Swiss exporters still need lid on franc - minister
* Swiss companies better prepared if cap should fall
* Up to SNB to decide when to give up franc policy
* Purchasing-power parity with euro will take time
ZURICH, Sept 30 (Reuters) - Swiss exporters need the central bank to defend the cap it imposed on the strong Swiss franc a year ago, even if they have become more efficient, Economy Minister Johann Schneider-Ammann was quoted as saying.
"The Swiss franc is still overvalued, perhaps no longer as strongly as in summer 2011. Export companies need the planning security of the minimum limit," Schneider-Ammann told SonntagsBlick newspaper in an interview.
The Swiss National Bank set a cap of 1.20 francs per euro a year ago to prevent the soaring safe-haven currency causing deflation and a recession.
Export-oriented Swiss industrial companies have started to recover from the ill-effects of the strong franc and are doing better now than at the start of the year, a study showed last week.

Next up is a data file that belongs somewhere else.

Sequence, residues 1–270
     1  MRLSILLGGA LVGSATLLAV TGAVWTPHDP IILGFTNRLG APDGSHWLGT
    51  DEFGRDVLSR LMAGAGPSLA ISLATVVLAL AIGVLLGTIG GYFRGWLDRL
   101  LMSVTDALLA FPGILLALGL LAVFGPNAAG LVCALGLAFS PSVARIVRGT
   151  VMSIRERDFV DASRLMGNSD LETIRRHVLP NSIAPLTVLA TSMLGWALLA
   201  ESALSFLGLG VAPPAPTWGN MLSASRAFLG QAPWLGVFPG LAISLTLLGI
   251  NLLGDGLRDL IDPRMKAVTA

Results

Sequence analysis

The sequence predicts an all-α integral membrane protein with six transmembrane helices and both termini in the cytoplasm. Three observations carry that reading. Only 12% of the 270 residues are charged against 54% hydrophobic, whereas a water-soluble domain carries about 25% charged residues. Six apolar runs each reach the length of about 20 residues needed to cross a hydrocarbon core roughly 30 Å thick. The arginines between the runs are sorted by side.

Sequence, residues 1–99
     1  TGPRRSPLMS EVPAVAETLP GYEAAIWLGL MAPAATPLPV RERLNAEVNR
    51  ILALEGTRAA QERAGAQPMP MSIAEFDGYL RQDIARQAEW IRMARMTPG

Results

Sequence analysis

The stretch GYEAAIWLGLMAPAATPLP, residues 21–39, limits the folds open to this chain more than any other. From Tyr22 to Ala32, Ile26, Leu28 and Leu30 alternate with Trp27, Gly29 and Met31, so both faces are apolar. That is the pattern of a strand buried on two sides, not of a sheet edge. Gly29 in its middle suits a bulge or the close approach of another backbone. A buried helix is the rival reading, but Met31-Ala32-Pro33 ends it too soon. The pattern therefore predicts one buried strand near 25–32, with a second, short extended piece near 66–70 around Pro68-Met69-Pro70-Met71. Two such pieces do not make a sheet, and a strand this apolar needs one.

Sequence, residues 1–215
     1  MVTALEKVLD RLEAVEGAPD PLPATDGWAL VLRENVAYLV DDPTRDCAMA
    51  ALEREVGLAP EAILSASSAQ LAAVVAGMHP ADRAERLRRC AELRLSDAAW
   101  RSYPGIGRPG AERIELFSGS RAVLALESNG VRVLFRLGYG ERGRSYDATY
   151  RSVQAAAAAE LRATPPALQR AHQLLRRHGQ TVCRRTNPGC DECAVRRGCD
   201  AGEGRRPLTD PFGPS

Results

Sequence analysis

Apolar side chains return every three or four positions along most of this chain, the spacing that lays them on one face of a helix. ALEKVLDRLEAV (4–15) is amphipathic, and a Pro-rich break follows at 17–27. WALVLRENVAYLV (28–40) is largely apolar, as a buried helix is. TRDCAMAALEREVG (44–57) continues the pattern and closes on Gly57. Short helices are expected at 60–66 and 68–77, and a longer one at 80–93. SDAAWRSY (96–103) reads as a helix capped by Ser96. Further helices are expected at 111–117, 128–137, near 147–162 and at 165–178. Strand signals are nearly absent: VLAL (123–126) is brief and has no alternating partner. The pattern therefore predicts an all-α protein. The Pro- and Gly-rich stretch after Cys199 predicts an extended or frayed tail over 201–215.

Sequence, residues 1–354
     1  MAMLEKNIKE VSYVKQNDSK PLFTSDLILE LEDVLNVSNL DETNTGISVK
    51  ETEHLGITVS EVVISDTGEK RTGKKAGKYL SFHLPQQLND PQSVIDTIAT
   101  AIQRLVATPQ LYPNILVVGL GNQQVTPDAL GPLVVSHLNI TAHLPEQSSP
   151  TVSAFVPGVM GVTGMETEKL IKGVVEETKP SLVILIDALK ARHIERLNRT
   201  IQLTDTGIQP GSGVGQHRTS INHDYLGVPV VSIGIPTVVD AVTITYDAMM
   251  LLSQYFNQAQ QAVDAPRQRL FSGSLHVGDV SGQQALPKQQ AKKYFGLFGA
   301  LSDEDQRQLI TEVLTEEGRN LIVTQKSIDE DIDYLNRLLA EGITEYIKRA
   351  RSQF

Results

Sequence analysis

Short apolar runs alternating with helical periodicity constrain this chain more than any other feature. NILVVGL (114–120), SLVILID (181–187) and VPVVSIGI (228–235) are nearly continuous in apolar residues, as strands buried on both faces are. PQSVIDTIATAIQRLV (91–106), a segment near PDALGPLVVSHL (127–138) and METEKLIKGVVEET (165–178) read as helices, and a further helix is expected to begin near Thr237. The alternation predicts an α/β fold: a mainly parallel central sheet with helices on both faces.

Schneider-Amman said that Swiss companies had used the protection of the cap on the franc to become more innovative and efficient. "They are better prepared should the safety net fall away," he said, "but the minimum limit is still needed, without any ifs or buts."
Asked when the SNB could give up the policy, Schneider-Ammann said that was a matter for the central bank, but noted that his concern was ensuring full employment.
Schneider-Ammann dismissed suggestions that the inflation differential between Switzerland and the euro zone meant that the 1.20 per euro limit would soon near purchasing-power parity.
"That will still take a long time. The inflation differential is about 2 percent. Purchasing-power parity is still 10 or more percent above the exchange rate," he said.
(Reporting by Emma Thomasson; Editing by David Goodman)
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